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Publication numberUS6374065 B1
Publication typeGrant
Application numberUS 09/653,003
Publication dateApr 16, 2002
Filing dateAug 31, 2000
Priority dateSep 6, 1999
Fee statusPaid
Publication number09653003, 653003, US 6374065 B1, US 6374065B1, US-B1-6374065, US6374065 B1, US6374065B1
InventorsKatsuhiko Nishimura, Tatsuya Kobayashi, Naoki Enomoto, Takashi Shibuya
Original AssigneeCanon Kabushiki Kaisha
Export CitationBiBTeX, EndNote, RefMan
External Links: USPTO, USPTO Assignment, Espacenet
Speed ratio between an image holding member and a developer carrier varies according to an image ratio
US 6374065 B1
Abstract
An image forming apparatus is capable of improving throughput, preventing deterioration of developer and preventing shortening of the life of a developing apparatus. In the image forming apparatus, an image holding member holds an electrostatic latent image and a developer carrier carries developer to a developing portion, and a speed ratio between the image holding member and the developer carrier varies according to an image ratio.
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Claims(14)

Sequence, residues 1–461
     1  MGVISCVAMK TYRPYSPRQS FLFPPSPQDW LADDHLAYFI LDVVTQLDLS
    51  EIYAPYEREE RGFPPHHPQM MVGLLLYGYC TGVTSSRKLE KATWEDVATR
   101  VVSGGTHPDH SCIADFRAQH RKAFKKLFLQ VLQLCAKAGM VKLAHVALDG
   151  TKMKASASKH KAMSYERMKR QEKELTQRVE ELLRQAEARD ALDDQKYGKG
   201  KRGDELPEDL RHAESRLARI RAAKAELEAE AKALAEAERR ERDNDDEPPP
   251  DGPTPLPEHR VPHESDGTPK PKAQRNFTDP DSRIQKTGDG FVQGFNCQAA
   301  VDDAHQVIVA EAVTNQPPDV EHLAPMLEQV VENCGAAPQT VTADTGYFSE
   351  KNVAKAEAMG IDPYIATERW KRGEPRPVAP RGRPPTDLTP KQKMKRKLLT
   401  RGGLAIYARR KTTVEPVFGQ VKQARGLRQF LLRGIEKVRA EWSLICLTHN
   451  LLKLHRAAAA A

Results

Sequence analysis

What is claimed is:
1. An image forming apparatus comprising:
an image holding member for holding an electrostatic latent image; and
a developer carrier for carrying developer to a developing portion, said developer carrier developing the electrostatic image with the developer; and
recognition means for recognizing an information relating to an image ratio of the electrostatic latent image,
wherein a speed ratio between said image holding member and said developer carrier is varied on the basis of said information recognized by said recognition means.
2. An apparatus according to claim 1, wherein a peripheral speed of said image holding member provided at an image ratio equal to or less than a predetermined threshold Gth is larger than that of said image holding member provided at an image ratio larger than the threshold Gth.
3. An apparatus according to claim 2, wherein a peripheral speed of said developer carrier is kept constant regardless of the image ratio.
4. An apparatus according to claim 1, wherein a peripheral speed of said developer carrier provided at an image ratio equal to or less than a predetermined threshold Gth is smaller than that of said developer carrier provided at an image ratio larger than the threshold Gth.
5. An apparatus according to claim 4, wherein a peripheral speed of said image holding member is kept constant regardless of the image ratio.
6. An apparatus according to claim 1, wherein said developer carrier is provided for each of colors of the developer.
7. An apparatus according to claim 1, wherein said image holding member and said developer carrier are provided for colors of the developer respectively.
8. An apparatus according to claim 1, wherein said recognition means calculates the image ratio on the basis of an image input signal corresponding to the electrostatic latent image.
9. An image forming apparatus comprising:
an image holding member for holding an electrostatic latent image;
a developer carrier for carrying developer to a developing portion; and